Most Active Stories
- School Scrambles To Preserve Newly Discovered Chalkboards From 1917
- Women still face a tough time in the hallowed halls of Japan's prestigious universities
- The Pros and Cons of Buying Gas With or Without Ethanol
- Homeless? Need Food or Shelter? There's an App For That
- Combat medics train for war in an LA emergency room
Mon August 11, 2014
Woman Injured in 2011 Earthquake Suing Disposal Well Operators
The 5.7-magnitude earthquake that struck near Prague, Okla., in November 2011 toppled Sandra Ladra’s chimney, raining rocks “on her lap and legs.”
Ladra on Aug. 4 filed a lawsuit against energy companies that operate disposal wells she claims caused the quake. She is seeking $75,000 in actual damages plus punitive damages, the Journal Record‘s D. Ray Tuttle reports.
Ladra alleges that injection wells operated by Cleveland-based Spess Oil Co., Tulsa-based New Dominion LLC and 25 other companies not yet named led to the earthquakes that damaged her home and injured her.
“She will likely have to have knee replacement surgery,” Poynter said.
Ladra claims that the companies, referred to as John Does 1-25, operate high-pressure injection wells that led to the swarm of tremors that caused widespread damage in November 2011. The company names will be filled in later, Poynter said on Wednesday.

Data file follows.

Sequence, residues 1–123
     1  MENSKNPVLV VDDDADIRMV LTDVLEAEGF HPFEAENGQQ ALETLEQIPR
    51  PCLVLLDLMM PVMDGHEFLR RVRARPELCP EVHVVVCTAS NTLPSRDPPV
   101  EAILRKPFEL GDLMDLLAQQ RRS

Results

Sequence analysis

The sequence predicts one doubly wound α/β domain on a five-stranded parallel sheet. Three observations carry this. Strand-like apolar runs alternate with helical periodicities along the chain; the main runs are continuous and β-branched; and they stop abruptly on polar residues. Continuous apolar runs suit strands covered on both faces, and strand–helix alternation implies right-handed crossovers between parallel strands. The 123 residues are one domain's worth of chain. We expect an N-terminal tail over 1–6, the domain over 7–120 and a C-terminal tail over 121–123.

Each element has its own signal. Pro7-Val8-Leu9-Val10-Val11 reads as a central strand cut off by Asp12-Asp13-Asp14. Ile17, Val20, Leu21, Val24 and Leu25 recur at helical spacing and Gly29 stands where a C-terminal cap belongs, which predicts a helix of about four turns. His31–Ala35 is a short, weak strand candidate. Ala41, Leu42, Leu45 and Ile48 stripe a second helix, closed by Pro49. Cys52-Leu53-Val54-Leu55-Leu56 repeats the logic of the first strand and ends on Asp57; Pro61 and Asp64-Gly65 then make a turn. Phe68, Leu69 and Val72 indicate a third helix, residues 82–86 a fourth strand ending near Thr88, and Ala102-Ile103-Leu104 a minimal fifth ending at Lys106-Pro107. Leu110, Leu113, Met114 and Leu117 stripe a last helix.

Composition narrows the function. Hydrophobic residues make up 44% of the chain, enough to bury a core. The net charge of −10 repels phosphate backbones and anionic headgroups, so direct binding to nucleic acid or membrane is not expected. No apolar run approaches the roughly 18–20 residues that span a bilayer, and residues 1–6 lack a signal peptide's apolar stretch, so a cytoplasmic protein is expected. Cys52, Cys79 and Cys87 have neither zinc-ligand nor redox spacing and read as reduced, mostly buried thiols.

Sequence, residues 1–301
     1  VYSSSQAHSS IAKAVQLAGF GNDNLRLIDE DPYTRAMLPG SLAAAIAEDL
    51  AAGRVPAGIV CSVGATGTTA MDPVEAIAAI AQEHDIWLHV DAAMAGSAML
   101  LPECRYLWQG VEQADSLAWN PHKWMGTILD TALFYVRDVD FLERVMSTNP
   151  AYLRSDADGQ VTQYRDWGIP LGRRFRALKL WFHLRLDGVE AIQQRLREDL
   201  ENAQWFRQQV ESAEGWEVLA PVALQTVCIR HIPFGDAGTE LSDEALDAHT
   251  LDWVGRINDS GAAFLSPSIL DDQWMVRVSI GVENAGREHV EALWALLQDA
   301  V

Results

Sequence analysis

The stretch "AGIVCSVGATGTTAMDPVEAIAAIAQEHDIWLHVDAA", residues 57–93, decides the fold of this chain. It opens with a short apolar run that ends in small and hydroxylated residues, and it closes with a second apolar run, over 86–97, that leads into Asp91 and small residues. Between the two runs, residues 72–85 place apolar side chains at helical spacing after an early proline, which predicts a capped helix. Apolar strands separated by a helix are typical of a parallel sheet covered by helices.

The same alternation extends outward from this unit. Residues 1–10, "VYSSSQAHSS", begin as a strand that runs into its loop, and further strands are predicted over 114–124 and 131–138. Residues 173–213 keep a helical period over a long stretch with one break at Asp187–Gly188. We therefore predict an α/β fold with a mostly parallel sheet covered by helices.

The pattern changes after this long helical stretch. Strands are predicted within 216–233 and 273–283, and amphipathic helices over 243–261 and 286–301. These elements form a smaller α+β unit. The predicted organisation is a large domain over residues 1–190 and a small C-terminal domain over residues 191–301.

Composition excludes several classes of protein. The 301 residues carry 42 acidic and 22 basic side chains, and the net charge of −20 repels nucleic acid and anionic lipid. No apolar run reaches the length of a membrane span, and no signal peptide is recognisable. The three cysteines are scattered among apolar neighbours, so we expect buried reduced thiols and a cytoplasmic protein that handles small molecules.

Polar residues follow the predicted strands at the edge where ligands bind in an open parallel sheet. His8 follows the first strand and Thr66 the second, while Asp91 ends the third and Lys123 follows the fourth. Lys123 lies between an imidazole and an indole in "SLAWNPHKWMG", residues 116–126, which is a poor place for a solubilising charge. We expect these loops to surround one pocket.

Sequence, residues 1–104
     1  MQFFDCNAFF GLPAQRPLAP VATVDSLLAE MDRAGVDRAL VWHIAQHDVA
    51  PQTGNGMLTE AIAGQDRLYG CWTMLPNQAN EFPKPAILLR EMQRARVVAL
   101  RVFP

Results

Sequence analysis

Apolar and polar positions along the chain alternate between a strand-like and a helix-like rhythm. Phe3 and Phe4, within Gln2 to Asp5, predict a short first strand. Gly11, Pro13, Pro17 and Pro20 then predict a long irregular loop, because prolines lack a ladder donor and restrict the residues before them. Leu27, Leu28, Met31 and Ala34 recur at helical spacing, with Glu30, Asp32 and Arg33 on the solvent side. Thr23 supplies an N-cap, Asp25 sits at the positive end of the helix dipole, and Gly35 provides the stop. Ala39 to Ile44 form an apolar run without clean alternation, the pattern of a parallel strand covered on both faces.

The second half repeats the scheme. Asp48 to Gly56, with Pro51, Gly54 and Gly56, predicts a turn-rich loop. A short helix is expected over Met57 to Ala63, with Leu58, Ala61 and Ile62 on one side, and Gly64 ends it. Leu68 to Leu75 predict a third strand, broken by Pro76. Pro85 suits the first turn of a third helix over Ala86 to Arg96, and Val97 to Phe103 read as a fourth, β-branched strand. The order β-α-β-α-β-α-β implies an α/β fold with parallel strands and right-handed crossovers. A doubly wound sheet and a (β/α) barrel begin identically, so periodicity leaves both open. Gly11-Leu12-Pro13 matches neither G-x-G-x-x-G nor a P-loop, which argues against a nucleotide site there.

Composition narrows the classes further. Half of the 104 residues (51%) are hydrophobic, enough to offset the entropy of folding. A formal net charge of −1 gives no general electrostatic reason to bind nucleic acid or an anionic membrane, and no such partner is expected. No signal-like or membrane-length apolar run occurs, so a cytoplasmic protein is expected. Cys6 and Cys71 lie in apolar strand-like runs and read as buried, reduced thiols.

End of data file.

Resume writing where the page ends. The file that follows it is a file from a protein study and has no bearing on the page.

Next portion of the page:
Several peer-reviewed scientific papers have linked the Prague earthquake — the state’s largest ever recorded — with injection wells the oil and gas industry pumps toxic drilling fluid into. One other person was injured in the Prague quake, which damaged more than a dozen homes. The temblor is likely the largest linked to drilling activity.
In July, a study published in the journal Science suggested that four other wells operated by Tulsa-based New Dominion could be a large factor in earthquakes recorded near the town of Jones, where much of Oklahoma’s earthquake activity has been concentrated.
Ladra’s lawsuit appears to be the first one related to the Prague quake, The International Business Times reports. Steve Spess of Spess Oil was surprised by the lawsuit, theRecord‘s Tuttle reports.
“They are hanging their hat on something that is just a theory,” Spess said.
“We do not think we’ve done anything wrong,” Spess said. “What little water we inject goes back into the same zone.”
“We inject the water at low pressure, so we do not believe that is causing these earthquakes,” Steve Spess said. “But they have to blame someone.”
StateImpact Oklahoma is a partnership among Oklahoma’s public radio stations and relies on contributions from readers and listeners to fulfill its mission of public service to Oklahoma and beyond. Donate online.
Public Discussion on Fracking and Wastewater Wells